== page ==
Panic in a rider induces panic in the horse. The calmest old nag gets upset with a rider up top going "Ooh! Ooh, stop, horse, stop!" every two seconds. The constant unfair yanking on the reins will set him prancing and sidling and eventually bucking or running trying to get away from the pain. It is in direct contradiction to what he has been taught, so he's confused, and the rider is making it worse. My neighbor got dumped by every horse she rode until she finally gave up riding altogether, even her husband's staid 30-year-old gelding who was so stiff it was surprising he could muster a buck. But buck he did, and she would never believe it was because she was so scared she had his head cranked back into his chest. His mouth was hanging wide open in an attempt to get rid of the pressure, and no amount of coaching her to lighten up on the rein would get her to turn loose of her death grip. When the old guy dumped her, she finally gave it up, to my relief and no doubt to the relief of all their horses.
Many horsey wrecks are the result of the horse and rider at cross purposes. Either the rider miscues the horse or he's trying to brute force his way to control and the horse quite naturally takes exception. Sometimes a cagey horse is the instigator, resisting whatever the rider is doing, which may be nothing objectionable at all. His back may be sore; he may not feel good; or he'd just as soon not do another damned circle in the arena or face one more jump, thank you. Horses do get sour doing the same stuff over and over, and the war can become intense if the rider is insensitive enough not to recognize the signs and vary the routine.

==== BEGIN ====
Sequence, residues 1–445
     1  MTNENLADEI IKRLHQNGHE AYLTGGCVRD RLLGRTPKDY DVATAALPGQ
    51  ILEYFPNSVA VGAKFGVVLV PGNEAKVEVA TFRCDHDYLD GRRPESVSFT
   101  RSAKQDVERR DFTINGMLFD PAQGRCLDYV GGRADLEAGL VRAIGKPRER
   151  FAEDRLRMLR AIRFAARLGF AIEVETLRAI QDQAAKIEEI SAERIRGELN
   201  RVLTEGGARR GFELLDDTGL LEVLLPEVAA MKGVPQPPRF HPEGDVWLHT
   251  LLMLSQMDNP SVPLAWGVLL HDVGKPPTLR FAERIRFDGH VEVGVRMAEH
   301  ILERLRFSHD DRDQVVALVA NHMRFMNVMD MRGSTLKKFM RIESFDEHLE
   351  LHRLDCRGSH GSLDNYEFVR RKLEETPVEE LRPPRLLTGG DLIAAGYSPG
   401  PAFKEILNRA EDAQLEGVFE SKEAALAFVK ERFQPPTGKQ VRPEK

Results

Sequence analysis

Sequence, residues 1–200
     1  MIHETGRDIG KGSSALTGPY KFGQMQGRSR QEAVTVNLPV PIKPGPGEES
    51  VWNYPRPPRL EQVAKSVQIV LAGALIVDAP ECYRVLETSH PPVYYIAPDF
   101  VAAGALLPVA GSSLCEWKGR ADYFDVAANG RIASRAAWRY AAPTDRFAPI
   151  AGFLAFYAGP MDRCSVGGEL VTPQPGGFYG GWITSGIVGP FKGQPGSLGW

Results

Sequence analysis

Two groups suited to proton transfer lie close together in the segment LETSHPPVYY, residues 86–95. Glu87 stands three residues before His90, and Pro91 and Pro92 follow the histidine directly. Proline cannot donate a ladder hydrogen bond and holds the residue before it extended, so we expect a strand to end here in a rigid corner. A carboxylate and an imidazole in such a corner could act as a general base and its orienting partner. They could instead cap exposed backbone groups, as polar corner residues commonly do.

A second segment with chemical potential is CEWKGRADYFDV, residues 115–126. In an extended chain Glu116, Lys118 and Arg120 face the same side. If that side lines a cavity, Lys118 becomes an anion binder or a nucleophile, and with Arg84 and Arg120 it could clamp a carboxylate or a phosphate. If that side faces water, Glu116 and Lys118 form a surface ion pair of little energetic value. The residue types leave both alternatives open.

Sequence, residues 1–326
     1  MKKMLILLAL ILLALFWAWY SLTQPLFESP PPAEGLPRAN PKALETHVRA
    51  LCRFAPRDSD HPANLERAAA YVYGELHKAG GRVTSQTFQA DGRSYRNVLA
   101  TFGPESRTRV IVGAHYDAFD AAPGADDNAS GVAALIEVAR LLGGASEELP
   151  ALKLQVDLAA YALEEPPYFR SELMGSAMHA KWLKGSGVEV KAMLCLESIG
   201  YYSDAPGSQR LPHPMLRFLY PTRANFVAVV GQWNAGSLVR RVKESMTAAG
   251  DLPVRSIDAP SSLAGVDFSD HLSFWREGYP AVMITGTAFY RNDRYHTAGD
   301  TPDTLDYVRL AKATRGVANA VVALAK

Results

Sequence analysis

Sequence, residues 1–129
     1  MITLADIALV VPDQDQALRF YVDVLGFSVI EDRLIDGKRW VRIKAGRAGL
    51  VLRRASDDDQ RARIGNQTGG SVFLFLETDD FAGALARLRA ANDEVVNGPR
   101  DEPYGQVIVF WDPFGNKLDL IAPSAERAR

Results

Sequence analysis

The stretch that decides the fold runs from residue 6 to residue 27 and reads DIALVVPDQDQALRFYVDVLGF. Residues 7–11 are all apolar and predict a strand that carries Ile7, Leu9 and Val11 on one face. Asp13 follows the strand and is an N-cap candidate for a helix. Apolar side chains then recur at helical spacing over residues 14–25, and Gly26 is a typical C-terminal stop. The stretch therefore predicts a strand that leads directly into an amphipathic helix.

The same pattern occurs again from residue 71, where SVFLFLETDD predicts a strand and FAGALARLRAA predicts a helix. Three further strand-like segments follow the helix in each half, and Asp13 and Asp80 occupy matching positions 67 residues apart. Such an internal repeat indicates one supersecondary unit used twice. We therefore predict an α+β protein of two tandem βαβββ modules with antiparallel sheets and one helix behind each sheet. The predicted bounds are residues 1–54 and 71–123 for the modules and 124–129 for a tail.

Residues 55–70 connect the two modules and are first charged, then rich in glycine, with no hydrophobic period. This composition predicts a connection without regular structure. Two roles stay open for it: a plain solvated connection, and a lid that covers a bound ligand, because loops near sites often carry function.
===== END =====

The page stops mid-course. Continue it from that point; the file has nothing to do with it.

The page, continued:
A truly frightened horse will plow through anything on his way to Anywhere Not Here. I had an excitable 4-year-old Thoroughbred rip a rail off a fence and then bolt through a 3-wire fence, snapping a steel T-post off at the ground on the way. I doubt he ever saw it, he was so panicked. The one time they will reliably run over a person is if they are really scared; the rest of the time they will try to avoid you. A horse that trusts you may respond to your voice, but keep it calm! Shout to get his attention and then sweet-talk him down. Continuing to shout at him just gets him more upset.